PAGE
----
Steding graduated with a bachelor’s degree in psychology and as a three-time All-Pac 10 Conference selection.

When Steding left Stanford, no singular U.S. league existed that consistently attracted the game’s best players. As such, she played professionally in Japan and Spain before returning home to compete for a spot on the U.S. National Team as it readied for the 1996 Olympic Games. VanDerveer, who took a year off from her duties at Stanford to coach Team USA, selected both Steding and Azzi as part of a roster that included talents such as Teresa Edwards, Lisa Leslie and Sheryl Swoopes. Team USA put up an unblemished 60-0 record en route to Olympic Gold.

“To be around at that time was really exciting,” she said. “I learned about watching that team come together with incredible diversity on the squad, not just demographically, but geographically and in life-experience and in college experience…so bringing that group together and watching it develop into something that was really dominant like we were was amazing. It was fun to watch, and it was fun to be a part of.”

Following the Olympics, Steding became one of the founding members of the American Basketball League, playing for the Portland Power and head coach Lin Dunn. Although the ABL folded in December 1998, she called it “an amazing experience.”

“We want to make it a player-friendly game because we’re the best basketball product out there, and we wanted to make sure we were playing our game and not trying to make it about marketing, per se,” Steding said. “That was part of our downfall as a league, but it was about keeping the game pure and not doing anything to try and spoil it and making ourselves accessible to the fans, which I think was something we were wildly successful at because that’s all we ever had.”

The WNBA’s Sacramento Monarchs drafted Steding in 2000, and she played two seasons in the league before retiring.

Not wasting any time, Steding made the jump over to Warner Pacific in Portland to start her coaching career. Although she had initial reservations, she said those faded once she ran her first practice.

“The rational part of your brain is going, ‘Don’t do this. What are you doing? Look around,’ but something in your heart just feels good,” Steding said. She would remain at Warner Pacific for seven years, mainly because of her relationship with the community and her players.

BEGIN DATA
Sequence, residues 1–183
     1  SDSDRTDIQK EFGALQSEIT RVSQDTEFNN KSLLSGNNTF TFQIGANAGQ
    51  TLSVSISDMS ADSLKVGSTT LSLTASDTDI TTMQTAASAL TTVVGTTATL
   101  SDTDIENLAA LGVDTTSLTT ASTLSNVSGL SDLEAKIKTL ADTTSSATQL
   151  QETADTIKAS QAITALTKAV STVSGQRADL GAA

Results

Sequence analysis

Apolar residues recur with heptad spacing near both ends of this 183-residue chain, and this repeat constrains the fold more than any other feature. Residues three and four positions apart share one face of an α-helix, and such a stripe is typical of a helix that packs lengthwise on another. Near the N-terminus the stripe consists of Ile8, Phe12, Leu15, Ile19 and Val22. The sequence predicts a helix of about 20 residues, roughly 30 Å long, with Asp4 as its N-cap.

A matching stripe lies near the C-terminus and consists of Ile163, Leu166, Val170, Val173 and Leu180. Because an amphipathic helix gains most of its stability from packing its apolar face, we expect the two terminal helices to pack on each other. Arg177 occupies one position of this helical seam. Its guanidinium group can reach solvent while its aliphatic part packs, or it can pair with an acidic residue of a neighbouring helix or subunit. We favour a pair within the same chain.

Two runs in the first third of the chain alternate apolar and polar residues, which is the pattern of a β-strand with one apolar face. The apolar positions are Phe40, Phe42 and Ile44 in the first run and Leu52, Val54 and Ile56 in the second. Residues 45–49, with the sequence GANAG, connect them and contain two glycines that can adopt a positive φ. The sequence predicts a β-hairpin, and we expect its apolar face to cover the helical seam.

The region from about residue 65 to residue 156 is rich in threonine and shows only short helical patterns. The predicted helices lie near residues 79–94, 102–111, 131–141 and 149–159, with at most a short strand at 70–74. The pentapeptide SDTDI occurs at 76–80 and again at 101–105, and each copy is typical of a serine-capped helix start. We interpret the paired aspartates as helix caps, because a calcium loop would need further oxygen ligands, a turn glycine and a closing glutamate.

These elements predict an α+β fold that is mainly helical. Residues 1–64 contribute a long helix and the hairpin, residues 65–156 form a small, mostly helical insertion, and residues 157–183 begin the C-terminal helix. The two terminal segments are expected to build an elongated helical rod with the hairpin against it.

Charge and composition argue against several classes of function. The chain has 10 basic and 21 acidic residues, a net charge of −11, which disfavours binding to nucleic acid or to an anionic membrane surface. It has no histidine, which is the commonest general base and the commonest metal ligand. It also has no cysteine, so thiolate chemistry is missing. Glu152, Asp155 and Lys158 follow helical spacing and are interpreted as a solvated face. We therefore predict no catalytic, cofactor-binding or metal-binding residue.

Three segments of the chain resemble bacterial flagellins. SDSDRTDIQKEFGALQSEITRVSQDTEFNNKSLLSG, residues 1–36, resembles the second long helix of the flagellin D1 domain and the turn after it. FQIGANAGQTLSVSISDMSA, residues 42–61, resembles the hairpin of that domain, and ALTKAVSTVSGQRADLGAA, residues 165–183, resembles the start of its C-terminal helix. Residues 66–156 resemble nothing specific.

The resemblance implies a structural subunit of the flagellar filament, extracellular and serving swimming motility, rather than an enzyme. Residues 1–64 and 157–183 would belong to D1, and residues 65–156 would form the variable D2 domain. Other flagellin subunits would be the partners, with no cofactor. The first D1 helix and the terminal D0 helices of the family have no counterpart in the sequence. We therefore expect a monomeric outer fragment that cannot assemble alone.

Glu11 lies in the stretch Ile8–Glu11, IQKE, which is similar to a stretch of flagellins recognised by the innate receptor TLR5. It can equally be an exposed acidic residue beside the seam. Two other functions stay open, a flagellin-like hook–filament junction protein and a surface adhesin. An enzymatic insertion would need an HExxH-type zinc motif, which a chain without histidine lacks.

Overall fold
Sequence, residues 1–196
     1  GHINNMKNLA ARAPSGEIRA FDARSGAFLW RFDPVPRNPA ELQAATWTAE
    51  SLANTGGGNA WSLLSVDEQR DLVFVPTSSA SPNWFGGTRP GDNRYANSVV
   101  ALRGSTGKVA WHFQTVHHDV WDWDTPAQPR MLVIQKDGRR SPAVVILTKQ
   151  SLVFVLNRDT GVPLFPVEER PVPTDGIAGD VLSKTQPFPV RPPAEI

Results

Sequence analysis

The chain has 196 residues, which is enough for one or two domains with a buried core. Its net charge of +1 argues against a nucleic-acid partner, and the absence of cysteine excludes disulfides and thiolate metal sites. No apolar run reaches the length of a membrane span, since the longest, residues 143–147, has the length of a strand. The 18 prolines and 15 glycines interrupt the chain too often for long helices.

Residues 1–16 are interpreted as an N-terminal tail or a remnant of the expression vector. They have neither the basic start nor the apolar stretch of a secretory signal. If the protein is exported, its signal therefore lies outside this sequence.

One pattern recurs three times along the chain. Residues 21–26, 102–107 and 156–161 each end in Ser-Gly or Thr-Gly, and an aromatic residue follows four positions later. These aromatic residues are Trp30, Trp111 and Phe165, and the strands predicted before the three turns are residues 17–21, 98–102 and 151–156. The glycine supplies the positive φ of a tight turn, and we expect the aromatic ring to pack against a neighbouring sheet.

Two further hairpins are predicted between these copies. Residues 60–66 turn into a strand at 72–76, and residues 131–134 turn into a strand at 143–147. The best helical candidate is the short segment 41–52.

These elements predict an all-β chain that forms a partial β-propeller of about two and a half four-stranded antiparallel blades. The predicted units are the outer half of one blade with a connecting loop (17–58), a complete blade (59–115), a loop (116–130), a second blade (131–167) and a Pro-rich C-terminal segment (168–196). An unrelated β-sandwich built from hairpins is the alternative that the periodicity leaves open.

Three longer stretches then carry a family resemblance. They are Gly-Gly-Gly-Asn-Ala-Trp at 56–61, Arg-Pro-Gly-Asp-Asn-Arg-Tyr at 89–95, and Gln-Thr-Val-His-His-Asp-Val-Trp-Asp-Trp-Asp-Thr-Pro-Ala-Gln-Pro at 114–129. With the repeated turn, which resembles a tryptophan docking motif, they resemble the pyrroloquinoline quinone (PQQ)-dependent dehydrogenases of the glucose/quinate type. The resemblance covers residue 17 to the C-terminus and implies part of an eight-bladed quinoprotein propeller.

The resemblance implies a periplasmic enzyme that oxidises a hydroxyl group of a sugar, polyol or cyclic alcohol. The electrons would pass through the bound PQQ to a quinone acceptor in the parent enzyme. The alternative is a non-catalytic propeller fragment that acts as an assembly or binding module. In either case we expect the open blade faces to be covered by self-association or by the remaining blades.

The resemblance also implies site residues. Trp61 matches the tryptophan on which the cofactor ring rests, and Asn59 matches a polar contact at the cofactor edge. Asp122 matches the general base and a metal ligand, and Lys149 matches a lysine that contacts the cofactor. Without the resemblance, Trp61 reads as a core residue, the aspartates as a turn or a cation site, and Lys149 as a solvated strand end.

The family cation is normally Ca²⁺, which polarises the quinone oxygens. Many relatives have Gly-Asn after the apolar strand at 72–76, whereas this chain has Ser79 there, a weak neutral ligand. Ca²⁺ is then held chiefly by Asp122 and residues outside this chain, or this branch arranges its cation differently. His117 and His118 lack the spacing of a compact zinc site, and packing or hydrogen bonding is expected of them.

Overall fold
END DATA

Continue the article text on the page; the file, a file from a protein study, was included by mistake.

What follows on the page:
Now, Steding has developed a coaching style that combines the methods of the “father figure” Lavender, the “caring, but business-like” VanDerveer and the “fiery, bubbly” Dunn. She said she leans more toward Dunn in the way she approaches the game and uses her playing experience to relate to her players.

“I like to keep practice light-hearted, but I like it to be very intense, and I like us to get work done, and I like us to get better, and I like us to show that intensity and competiveness,” Steding said. “But at the same time, I think you can’t take yourself too seriously. It’s still basketball. It’s still a game. It’s a lot more enjoyable, and I think you’re better and you’re more productive when you remember that.”

This season, she will attempt to guide a young Terrier squad to success. In addition to stressing to her players that their “biggest impact is going to come off the court,” one of the things Steding hopes to instill in her team is a championship mentality.

“I think that the only barrier to accomplishment for them is their own mind,” Steding said. “If you want something bad enough, you’ll find a way to get it done. They’ve all said that they want to win championships here, and that’s great with me because that’s what I want to do, so that works out.

“I want to help them see that they can do so many great things if they just are willing to make the sacrifices for it… At the end of the day, they’re more than willing to do what it takes, and they want to be pushed, and we’re totally great with that.”